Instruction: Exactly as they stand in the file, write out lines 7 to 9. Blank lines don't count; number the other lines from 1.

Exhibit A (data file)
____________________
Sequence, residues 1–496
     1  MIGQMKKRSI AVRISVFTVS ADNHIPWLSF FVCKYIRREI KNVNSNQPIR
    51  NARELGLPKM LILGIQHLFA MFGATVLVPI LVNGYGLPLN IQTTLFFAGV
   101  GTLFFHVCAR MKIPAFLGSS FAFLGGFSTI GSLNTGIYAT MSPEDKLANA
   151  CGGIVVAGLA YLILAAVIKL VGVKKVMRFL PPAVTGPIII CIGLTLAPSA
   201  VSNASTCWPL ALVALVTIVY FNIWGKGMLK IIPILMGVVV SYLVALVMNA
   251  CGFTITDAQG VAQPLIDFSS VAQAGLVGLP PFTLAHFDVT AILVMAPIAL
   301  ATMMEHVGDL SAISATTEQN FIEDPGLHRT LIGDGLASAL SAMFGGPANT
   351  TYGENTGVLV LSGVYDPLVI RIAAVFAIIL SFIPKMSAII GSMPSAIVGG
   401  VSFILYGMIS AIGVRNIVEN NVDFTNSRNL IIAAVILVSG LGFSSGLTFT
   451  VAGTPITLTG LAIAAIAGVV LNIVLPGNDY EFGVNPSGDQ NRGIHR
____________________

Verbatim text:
   251  CGFTITDAQG VAQPLIDFSS VAQAGLVGLP PFTLAHFDVT AILVMAPIAL
   301  ATMMEHVGDL SAISATTEQN FIEDPGLHRT LIGDGLASAL SAMFGGPANT
   351  TYGENTGVLV LSGVYDPLVI RIAAVFAIIL SFIPKMSAII GSMPSAIVGG